Today’s guest post is from Robert A. Rudzki, a former Fortune 500 senior executive of supply management who now advises other companies as President of Greybeard Advisors LLC, a strategic management advisory firm. Bob has authored several business books including Beat the Odds: Avoid Corporate Death and Build a Resilient Enterprise and Straight to the Bottom Line. Bob also writes the Transformation Leadership blog for the Supply Chain Management Review. (e-mail Bob at
rudzki <at> greybeardadvisors <dot> com.)
How fast can a company transform itself to world-class supply management?
One of the most interesting conversations I participated in recently centered around the subject of how long it takes to transform procurement to become world-class at a large (or medium sized) company. The conversation started with this comment:
“We benchmarked Company X, and learned that it took them 7 years to transform their indirect procurement activities to become world-class.”
That’s a quote from a recent meeting I attended, and the speaker was interested in my reaction. Company X was identified, and is a well-known company in its industry.
My reaction to this statement was, and is, straightforward: lacking an assessment process and a transformation roadmap, it can take a long time to achieve successful transformation of your procurement activities (direct or indirect spend). In fact, without a roadmap and the associated business case, the goal is probably not achievable in any reasonable amount of time.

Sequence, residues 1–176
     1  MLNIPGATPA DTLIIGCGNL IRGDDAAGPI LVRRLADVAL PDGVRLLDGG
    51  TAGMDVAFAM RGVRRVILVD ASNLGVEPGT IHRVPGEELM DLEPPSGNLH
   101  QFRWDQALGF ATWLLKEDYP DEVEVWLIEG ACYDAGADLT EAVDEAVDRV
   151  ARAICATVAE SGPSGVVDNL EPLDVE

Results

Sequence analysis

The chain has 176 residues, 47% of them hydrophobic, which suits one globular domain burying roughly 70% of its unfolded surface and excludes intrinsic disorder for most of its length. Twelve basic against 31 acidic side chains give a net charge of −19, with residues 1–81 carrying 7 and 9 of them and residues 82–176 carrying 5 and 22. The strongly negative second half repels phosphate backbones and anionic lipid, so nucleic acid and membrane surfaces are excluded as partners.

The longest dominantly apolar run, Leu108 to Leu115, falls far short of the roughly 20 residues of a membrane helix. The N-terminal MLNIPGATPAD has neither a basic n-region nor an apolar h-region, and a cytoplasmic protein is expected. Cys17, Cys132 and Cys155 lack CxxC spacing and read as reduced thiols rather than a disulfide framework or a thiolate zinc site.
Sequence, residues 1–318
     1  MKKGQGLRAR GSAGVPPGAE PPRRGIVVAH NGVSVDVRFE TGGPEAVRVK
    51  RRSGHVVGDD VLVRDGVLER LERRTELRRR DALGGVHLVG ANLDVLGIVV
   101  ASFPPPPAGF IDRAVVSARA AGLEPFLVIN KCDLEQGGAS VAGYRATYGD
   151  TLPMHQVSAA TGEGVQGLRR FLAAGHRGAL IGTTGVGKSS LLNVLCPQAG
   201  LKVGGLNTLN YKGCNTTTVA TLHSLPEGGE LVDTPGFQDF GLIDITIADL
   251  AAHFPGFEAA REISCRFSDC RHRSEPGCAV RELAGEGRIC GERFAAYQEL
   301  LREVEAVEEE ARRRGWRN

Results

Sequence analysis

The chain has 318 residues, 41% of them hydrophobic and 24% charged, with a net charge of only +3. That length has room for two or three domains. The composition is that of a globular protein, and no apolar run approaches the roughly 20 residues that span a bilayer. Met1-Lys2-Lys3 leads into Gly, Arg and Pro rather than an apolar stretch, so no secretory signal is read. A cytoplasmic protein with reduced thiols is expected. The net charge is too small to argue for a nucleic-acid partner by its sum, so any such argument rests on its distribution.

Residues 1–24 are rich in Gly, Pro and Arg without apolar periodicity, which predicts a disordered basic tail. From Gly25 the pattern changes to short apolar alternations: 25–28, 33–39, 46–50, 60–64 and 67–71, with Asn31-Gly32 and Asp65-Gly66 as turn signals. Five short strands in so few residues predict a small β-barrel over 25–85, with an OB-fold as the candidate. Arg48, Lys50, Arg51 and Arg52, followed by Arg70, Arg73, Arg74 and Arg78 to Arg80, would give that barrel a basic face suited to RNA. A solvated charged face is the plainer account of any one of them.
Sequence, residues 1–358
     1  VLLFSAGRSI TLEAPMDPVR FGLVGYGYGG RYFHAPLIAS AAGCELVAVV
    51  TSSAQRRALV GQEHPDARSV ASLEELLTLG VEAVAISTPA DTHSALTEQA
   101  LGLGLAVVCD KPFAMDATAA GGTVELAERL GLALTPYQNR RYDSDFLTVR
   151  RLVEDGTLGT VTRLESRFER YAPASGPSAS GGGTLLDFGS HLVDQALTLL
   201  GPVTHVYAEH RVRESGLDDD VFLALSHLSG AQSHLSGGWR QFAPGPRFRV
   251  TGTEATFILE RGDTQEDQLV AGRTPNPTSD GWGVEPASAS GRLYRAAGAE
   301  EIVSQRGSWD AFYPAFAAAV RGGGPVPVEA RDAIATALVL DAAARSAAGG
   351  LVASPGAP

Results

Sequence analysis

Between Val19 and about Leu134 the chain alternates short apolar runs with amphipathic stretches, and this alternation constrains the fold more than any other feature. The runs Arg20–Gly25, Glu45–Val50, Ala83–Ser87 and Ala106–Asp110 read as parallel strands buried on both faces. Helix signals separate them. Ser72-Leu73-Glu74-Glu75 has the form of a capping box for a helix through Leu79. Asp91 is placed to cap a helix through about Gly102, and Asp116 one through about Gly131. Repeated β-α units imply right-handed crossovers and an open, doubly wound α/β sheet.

On the other hand, with a well-constructed roadmap, it is possible to achieve a great deal within 18 to 36 months.
What’s involved in creating a good transformation roadmap? It starts with an independent, candid and comprehensive comparison of the “current state” at your company versus appropriately identified “best practices” in supply management (for your company). That provides input to an opportunity assessment, as well as input to constructing a roadmap that is tailored to your company’s situation — and to your desired speed of progression. In our experience, I can tell you that sequencing the roadmap elements is part art, and part science*. Finally, a credible business case is developed which wraps it all together: what you are proposing to do, the expected $ results over the next few years, and the requested internal and external resources to accomplish the plan.
Done well, this Assessment and Roadmap process creates executive understanding, excitement, and support (budget and otherwise). Believe me, this works. I say that as a former corporate finance guy who became a successful CPO (and obtained all the executive support you could wish for) and as an advisor to clients who I’ve guided in their transformations. (I’ve even helped clients obtain approval to expand their strategic resources while the recession was gaining speed.)
That’s the real litmus test — senior management committed to creating world-class supply management regardless of the economy. That’s an indicator of what is possible if you approach this subject properly.
To read more about building a transformation roadmap, you can download A Leader’s Guide to Supply Management Transformation , which was featured in the Supply Chain Management Review.
*Editor’s Note: For a discussion of Supply Chain Process: Art or Science, see the linked post.